Like millions of Americans, I was laid off during the Great Recession. As I looked for work, I began to immerse myself in my community more and more, working on challenges such as home foreclosure prevention, criminal justice reform, and establishing equitable access to public transportation.
This involvement in my community set me on the path toward running for - and being elected to - my current role as state representative in 2012. It is a privilege to work at our State Capitol representing the wonderful people of District 59B, which includes the Northside, Bryn Mawr, North Loop, and downtown Minneapolis.
ENACTING A PROGRESSIVE AGENDA AT THE LEGISLATURE
My first term in public office came at a time when voters overwhelmingly decided that Democratic-Farmer-Labor candidates had the best ideas to improve people’s lives (we still do!).
I had the opportunity to work with Governor Dayton and DFL majorities in both the Minnesota House and Senate, building many strong relationships along the way. We enacted a progressive agenda that turned this state around, from when Republicans played tricks and games that shattered fiscal responsibility and put the lives of our state’s poorest residents in peril.
As a State Representative, I have accomplished a lot with the help of my amazing neighbors and a lot of compassionate, hardworking people.
A few highlights include raising the minimum wage, expanding access to health care, establishing tax credits to purchase health insurance, enacting meaningful (and bipartisan) criminal justice reform - such as Ban the Box and reforming drug sentencing guidelines, investing in children of all ages, helping homeowners avoid foreclosure, providing significant funding for affordable housing, increasing mandatory parental leave from six weeks to twelve weeks, providing new workplace protections for working and expecting mothers, and making sure every Minnesotan can marry the person they love.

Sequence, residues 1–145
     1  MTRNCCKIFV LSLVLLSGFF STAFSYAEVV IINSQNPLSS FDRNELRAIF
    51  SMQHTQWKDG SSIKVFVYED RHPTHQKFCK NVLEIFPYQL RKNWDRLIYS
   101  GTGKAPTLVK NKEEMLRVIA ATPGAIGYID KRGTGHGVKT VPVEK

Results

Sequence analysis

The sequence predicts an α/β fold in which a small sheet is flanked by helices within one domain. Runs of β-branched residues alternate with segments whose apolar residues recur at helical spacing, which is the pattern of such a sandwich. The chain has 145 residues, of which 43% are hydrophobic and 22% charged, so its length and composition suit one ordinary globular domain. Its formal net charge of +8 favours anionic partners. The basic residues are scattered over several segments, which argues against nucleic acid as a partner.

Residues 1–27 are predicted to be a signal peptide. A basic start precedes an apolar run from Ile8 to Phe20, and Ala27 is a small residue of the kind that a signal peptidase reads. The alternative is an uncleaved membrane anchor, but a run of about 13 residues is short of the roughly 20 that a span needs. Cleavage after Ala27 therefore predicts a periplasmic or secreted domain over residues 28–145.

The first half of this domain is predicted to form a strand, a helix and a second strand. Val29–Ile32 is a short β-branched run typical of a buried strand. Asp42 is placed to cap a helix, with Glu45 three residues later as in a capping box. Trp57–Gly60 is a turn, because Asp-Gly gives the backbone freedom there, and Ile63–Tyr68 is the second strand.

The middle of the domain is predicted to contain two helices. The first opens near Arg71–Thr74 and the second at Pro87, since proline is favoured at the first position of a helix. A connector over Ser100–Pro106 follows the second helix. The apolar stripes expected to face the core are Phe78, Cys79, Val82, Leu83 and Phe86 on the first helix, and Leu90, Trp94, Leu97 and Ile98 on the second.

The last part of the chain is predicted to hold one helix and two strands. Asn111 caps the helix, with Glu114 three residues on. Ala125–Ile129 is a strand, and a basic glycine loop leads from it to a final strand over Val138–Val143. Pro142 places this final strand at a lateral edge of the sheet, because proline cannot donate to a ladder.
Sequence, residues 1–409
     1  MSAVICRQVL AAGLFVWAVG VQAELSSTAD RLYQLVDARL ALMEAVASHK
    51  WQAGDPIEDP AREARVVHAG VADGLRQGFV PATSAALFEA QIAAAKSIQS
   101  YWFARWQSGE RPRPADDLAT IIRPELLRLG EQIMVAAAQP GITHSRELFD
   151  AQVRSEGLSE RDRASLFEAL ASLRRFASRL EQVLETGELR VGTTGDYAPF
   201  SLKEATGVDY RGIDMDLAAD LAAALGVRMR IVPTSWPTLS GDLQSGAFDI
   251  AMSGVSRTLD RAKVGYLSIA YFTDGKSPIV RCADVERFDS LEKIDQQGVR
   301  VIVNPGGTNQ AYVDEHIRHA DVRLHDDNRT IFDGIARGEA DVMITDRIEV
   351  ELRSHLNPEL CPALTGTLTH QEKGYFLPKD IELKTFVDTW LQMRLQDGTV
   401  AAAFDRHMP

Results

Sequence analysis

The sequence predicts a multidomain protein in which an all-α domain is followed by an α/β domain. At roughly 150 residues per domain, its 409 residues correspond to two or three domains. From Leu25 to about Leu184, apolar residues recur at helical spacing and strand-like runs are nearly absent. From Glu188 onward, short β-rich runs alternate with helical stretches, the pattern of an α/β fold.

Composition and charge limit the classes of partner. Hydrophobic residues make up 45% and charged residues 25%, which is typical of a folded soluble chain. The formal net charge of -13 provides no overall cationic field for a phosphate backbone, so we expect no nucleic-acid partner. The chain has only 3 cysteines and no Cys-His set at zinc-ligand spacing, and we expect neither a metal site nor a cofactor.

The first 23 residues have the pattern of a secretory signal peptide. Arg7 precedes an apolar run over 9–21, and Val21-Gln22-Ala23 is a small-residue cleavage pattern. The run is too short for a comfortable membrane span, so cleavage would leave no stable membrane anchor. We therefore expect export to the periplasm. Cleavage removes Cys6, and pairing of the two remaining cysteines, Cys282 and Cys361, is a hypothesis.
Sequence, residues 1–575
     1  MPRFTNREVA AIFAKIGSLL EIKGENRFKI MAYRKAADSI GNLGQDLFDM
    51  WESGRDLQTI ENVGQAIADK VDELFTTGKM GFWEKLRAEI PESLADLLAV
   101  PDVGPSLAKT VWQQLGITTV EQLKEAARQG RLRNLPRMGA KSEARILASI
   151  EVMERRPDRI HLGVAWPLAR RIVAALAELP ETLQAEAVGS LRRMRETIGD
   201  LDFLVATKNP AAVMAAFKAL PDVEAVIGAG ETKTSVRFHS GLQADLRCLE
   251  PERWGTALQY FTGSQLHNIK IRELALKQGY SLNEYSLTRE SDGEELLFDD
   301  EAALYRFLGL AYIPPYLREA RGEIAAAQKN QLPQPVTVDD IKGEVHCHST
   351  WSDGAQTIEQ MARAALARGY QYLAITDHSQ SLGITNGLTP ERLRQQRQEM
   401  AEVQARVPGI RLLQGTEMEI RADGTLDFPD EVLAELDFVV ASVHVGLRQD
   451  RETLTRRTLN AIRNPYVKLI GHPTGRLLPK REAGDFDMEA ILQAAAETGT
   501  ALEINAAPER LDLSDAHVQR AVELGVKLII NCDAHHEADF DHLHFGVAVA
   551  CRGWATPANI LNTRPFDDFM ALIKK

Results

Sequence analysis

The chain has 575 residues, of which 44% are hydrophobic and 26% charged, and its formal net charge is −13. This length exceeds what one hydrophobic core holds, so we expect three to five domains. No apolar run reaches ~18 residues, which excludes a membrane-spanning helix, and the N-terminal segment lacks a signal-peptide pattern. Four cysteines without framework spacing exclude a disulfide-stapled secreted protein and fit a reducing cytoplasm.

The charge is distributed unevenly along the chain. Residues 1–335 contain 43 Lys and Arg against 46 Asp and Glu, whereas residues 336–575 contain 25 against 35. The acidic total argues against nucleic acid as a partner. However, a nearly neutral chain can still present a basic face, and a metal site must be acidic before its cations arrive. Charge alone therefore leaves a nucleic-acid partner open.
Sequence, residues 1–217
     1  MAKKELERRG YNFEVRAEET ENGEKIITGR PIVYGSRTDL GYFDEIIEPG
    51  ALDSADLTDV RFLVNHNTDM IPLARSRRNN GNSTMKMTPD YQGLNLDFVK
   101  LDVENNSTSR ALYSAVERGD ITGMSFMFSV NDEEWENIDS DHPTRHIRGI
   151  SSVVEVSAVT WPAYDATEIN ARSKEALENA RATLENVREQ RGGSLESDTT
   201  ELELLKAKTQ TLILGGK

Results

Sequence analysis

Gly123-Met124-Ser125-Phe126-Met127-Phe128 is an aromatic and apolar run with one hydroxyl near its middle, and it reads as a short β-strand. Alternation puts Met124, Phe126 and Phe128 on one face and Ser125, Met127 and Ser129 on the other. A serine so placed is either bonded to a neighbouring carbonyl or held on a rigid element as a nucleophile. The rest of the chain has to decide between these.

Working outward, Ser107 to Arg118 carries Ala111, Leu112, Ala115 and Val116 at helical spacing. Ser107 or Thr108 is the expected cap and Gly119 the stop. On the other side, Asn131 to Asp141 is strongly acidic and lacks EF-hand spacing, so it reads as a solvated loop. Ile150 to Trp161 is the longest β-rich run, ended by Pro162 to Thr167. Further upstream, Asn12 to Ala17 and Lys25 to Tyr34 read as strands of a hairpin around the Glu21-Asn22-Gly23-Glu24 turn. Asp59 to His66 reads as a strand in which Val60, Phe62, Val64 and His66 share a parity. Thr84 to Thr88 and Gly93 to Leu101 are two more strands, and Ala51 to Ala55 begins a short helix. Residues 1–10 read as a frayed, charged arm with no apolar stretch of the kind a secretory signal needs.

I am especially proud to have played a leading role in the reconstruction of Nicollet Mall in downtown Minneapolis. It would not have been possible without the $21.5 million in state bonds that I secured at the legislature with the help of strong partners at the local level and in the private sector. This project is a major step toward growing our city and attracting a talented workforce in the downtown core.
I don’t drink, but I understand the significant economic value that local craft beer brings to our city’s economy. That’s why I wrote the growler bill that allowed small beer breweries to increase their production from 5,000 barrels to 25,000 barrels without losing the ability to operate their taprooms. Taprooms have flourished since my bill was signed into law.
I was also a major force behind the Sunday growler sale bill that allowed taprooms to sell growlers on Sunday. Cheers!
RUNNING FOR MAYOR OF MINNEAPOLIS
In late 2016, after a lot of thoughtful consideration and many conversations with close friends, colleagues, and neighbors, I decided that the best way to continue serving my community would be to run for mayor.
As an architect, I can think strategically about how our economy, schools, justice system, infrastructure, and public spaces impact both current and future generations. As a 2-term state representative, I can leverage my strong relationships with Governor Dayton and legislators from both sides of the aisle to sustain and strengthen the invaluable partnership between our city and state.
We can do better than working from crisis to crisis.
As your mayor, my goal will be to build a city that works for everyone. To do so, I am making you a simple promise: to proactively engage people of all colors, faiths, incomes and backgrounds – in times of high spirits, in times of frustration, and in times of sorrow. You deserve a leader who listens, who stands alongside you, and who looks you in the eye when it’s not easy or comfortable to do so.
This is the mayor I will be for you. You deserve no less.